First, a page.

May I tell you of a few of the leaders of our Church in Russia in order for you to appreciate the strength they represent to members and missionaries? Boris Mokhov, now one of Moscow’s district presidents, came to the Church along a path many have followed. Growing up in an avowedly atheistic society and home, and, after the 1985 institution of Gorbachev’s glasnost, unable to respond to the appeal of the Russian Orthodox Church, he was surprised when his oldest daughter met LDS missionaries. Two young elders had visited her high-school class and made a presentation about the Church, inviting any interested to attend church services with them the following Sunday. Several of the young students did visit the church—among them, Natasha Mokhov.

Natasha told her older brother about this church, and he agreed to attend meetings with her. In time the missionaries taught them the missionary discussions, secured permission from the Mokhov parents, and baptized the two oldest children. Eventually, the two younger sisters in the family also began going each Sunday to the meetings and were baptized. The parents were pleased to note a very positive change in the children’s attitudes and behavior. They had worried earlier about some of their older children’s choices of friends and activities. Now they felt increasing admiration for their resolution and integrity.

On occasion, the Mokhov father and mother also attended church services. The children, many missionaries, and Church members helped the parents gain an assurance that they belonged with the children in The Church of Jesus Christ of Latter-day Saints. Finally, their baptismal day arrived, and church service and growth followed. Approximately two months ago, the Mokhov parents and their four children were among thirty-one Moscow members of the Church to visit the Stockholm Temple, where they were sealed as a family for time and for eternity.

The first family in Russia to receive the temple endowment and sealing ordinance were the Semionovs, a father, mother, and son from Vyborg. Two years earlier the father, Andrei, a young medical doctor of surgery, had met a devoted and generous Finnish family, the Jäkkös, on a canoe trip. The Jäkkös gently but persistently explained Church values and teachings to Andrei and, sensing his genuine interest, maintained contact with him over a period of months. Eventually, missionaries were able to present the discussions to the Semionovs and baptize them. The Semionovs were especially active in sharing the gospel with their neighbors, a considerable number of whom made the same decision that the Semionovs had made to affiliate with the LDS Church.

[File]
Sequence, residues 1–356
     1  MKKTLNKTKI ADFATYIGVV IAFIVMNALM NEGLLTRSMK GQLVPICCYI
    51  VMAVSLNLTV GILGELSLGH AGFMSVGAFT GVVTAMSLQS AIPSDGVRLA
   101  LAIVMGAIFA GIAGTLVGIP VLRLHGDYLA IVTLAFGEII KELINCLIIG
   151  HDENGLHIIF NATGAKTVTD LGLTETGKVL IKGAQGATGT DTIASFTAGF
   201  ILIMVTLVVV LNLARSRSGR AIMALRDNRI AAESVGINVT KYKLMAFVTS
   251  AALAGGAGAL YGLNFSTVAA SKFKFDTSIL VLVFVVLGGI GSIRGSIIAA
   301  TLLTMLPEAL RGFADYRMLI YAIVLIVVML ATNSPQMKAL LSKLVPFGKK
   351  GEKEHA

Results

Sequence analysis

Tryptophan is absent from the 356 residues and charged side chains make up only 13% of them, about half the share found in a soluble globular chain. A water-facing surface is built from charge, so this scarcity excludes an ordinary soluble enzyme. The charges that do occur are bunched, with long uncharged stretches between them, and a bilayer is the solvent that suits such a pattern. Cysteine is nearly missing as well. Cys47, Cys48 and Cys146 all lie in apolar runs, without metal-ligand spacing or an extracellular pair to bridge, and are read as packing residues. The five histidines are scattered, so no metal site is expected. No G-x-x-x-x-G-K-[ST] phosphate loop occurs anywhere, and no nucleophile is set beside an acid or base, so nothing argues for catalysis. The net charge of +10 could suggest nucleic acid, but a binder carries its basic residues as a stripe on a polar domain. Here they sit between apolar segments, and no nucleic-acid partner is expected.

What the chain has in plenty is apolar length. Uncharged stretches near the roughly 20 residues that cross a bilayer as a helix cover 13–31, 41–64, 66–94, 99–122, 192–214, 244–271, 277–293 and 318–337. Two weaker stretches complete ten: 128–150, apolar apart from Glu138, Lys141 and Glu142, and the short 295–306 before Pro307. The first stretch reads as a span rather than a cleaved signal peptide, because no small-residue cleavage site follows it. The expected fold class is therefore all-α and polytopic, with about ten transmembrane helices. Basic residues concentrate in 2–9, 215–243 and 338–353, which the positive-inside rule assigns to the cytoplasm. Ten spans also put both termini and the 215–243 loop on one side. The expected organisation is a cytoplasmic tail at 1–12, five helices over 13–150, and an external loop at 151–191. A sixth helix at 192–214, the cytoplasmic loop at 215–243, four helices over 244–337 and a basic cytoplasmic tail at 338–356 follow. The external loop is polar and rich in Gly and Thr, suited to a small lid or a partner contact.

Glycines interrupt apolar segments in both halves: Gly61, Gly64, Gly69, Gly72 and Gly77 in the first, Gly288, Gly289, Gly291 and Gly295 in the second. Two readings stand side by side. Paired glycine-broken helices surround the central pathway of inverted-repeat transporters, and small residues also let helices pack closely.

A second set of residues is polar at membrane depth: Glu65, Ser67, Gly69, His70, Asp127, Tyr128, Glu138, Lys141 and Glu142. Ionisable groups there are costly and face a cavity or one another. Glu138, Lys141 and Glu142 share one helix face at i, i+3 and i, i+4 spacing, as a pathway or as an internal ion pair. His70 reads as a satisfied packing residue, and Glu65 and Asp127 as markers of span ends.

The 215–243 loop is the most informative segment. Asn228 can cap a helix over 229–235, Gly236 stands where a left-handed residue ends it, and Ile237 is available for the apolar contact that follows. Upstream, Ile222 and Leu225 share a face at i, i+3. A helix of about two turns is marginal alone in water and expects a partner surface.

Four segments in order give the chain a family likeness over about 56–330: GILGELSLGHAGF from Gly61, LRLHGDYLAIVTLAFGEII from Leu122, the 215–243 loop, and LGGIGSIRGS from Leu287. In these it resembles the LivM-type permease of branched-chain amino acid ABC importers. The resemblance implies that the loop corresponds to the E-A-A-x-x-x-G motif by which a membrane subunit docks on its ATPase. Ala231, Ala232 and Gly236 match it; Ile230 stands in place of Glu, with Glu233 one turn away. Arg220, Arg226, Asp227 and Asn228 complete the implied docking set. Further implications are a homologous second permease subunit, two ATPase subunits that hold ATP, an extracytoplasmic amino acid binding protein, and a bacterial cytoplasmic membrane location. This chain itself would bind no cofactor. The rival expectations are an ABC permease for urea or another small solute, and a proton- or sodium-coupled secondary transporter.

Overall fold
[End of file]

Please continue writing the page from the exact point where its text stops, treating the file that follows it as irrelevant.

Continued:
One of Andrei’s friends told a former classmate, Yelena Petrov, about his positive impressions of Church teachings, especially about the emphasis on family ideals. Yelena and her small daughter were then visiting Yelena’s mother in Vyborg for the summer, seeking relief from the heat, pollution, and bustle of Moscow and from her tiny, one-room communal apartment, where bathroom and kitchen facilities are shared with two other families. When her husband, Andrei Petrov, then a Ph.D. student completing his degree in radio telecommunication engineering, came for a visit, they attended the Vyborg branch of the Church.

The Petrovs, too, were favorably impressed by the spirit and liberating teachings of this new and, as yet, largely unfamiliar church. Missionaries offered to help them learn more. Following weeks of meetings, the Petrovs were baptized. When they returned to Moscow, the embryonic church was meeting in the none-too-spacious but spiritually expansive home of the Thorntons. The year was 1990 and Dohn Thornton was employed at the American embassy. In his free time, he shared his knowledge and testimony with Russians, several of whom were to form the nucleus of the first Moscow branch in 1991. Having accepted various opportunities for growth through Church service, Andrei Petrov became the first Russian president of that branch and, in 1992, the first district president in Moscow.

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Early Russian converts. In this 1993 photograph are (from left to right) the five members of the Mokhov family, Galina Goncharova, the four members of the Petrov family, and the three members of the Martynov family. All three of the fathers served as district presidents of the Church in Moscow. Courtesy Sergei Martynov.

President Petrov, his wife, and two children are currently living in Wymount Terrace while Andrei attends the Marriott School of Management, studying in the MBA program, thanks to the vision and generosity of Professors Scott Smith and Heikki Rinne, their colleagues, and several donors. After two years, the Petrovs will return to Moscow to continue their ground-breaking work in establishing the Kingdom in that choice land of Russia.

The Moscow Mission is blessed immensely by Americans living in Moscow, who virtually all told me at one time or another that they had set aside other appealing professional opportunities to come to Moscow and help build up a new Zion.